Preston was one of the seven districts where the Victorian Electoral Commission (VEC) conducted its re-check count of ballot papers by data entering ballot paper preferences into a computer system.
In the case of Preston, data entry would also simplify what had looked set to be a complex preference distribution. Labor led on first preferences with 37.6%, with the Liberals second 17.3%, Greens third on 15.1% and Independent Gaetano Greco fourth on 13.7%. Preferences were always going to push the Greens into second place. For a time it looked like Greco would pass the Greens to reach third place, but his first preference vote declined significantly with the counting of absent and out of district pre-polls.
As with my previous post on Northcote, I will make use of the electronic ballot papers to analyse preference flow statistics and also to look at the influence of candidate how-to-votes.
The key findings for Preston are –
- The Liberal Party switch to recommending preferences for the Greens ahead of Labor flipped the flow of Liberal preferences. From a first preference vote of 17.3%, Liberal preference flowed 72.3% to the Greens. At the Federal election in May, when Labor was the recommended preference, only 31.7% of Liberal preferences flowed to the Greens. Clearly the Liberal Party’s choice of preference recommendation has a significant influence on how its supporters direct preference.
- In the Labor versus Greens two-candidate preferred count, 69.4% of preferences favoured the Greens over Labor, only voters for Family First favouring Labor. Labor won with 52.1% of the vote after preferences.
- In the two-party preferred count, 71.0% of preferences favoured Labor over Liberal with massive difference in flows based on the ideological position of each excluded party. After preferences Labor won 69.7% of the two-party preferred vote.
- From the ballot papers it is possible to calculate an alternative Labor versus Independent Greco preference count. Had Greco reached second, the final count after preferences would have been Labor 57.0% to Greco 43.0%. Greco received only 60.1% of preferences, doing very well with flows from every party except the Greens whose preferences flowed 61.8% to Labor. This was despite Greco being listed above Labor on the Greens’ how-to-vote recommendation.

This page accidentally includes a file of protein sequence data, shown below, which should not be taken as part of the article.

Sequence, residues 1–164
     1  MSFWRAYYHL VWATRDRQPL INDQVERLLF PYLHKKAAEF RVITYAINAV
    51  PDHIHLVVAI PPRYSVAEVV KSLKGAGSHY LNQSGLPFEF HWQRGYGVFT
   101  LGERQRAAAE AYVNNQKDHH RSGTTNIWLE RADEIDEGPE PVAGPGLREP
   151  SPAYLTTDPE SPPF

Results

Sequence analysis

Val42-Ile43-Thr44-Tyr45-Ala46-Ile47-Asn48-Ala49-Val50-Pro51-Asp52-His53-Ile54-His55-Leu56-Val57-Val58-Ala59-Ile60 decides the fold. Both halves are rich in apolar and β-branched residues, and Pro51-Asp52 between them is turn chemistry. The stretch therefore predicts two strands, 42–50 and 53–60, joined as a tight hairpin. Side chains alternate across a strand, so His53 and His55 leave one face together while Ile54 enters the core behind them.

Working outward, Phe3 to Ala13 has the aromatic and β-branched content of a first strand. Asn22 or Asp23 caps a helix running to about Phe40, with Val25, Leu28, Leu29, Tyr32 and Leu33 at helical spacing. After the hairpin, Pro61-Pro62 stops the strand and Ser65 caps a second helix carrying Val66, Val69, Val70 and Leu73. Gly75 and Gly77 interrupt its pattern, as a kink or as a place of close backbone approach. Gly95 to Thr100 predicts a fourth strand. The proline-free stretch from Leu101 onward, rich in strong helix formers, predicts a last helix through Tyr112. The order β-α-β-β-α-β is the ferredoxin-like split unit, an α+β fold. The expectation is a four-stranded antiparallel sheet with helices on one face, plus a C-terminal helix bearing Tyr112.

- Overall 24.7% of Preston ballot papers exactly matched the how-to-vote of the chosen first preference party. By party the highest rates of how-to-vote concordance were Labor 33.4%, Liberal 29.4%, Freedom Party 24.0%, Victorian Socialists 19.5%, Greco 18.2% and the Greens 15.8%. All other candidates saw rates of how-to-vote concordance under 10%, suggesting voters either ignored the recommendation or, more likely, never saw the candidate’s how-to-vote.
More detail with tables inside the post.
Labor versus Green Two-Candidate Preferred Preference Flows
In the two-candidate contest between Labor and the Greens, the strongest flows to the Greens were from the Victorian Socialists 77.3%, from the Freedom Party 73.4% and the Liberal Party 72.3%. All other parties flowed more than 60% to the Greens except for Family First which flowed 54.4% to Labor.
|Ball||First Prefs||Prefs to ALP||Prefs to GRN|
Labor versus Liberal Two-Party Preferred Preference Flows
The Labor versus Liberal preference flows from other candidates favoured Labor 71.0% to 29.0%. Green preferences flowed 90.2% to Labor, Victorian Socialist preferences 87.3%, Reason Party 84.8%, Greco 63.1% and Animal Justice 60.3%.
The two small right-wing parties generated strong preference flows to the Liberal Party, 86.2% for the Freedom Party and 73.6% for Family First.
All of these preference flows would have been influenced by how-to-vote material, but as the analysis of how-to-votes later in this post shows, the percentage of voters who exactly followed how-to-votes was much lower than the two-party preference flows.
|Ball||First Prefs||Prefs to ALP||Prefs to LIB|
Labor versus Gaetano Greco Two-Candidate Preferred Preference Flows
In the immediate aftermath of election day, it appeared that fourth placed Independent Gaetano Greco could pass the Greens to reach third place, then pass the Liberal on Green preferences, to eventually compete with Labor to win Preston. However, Greco’s vote slipped with the later counting of votes cast outside the district, both Absent ballots and out-of-district pre-polls.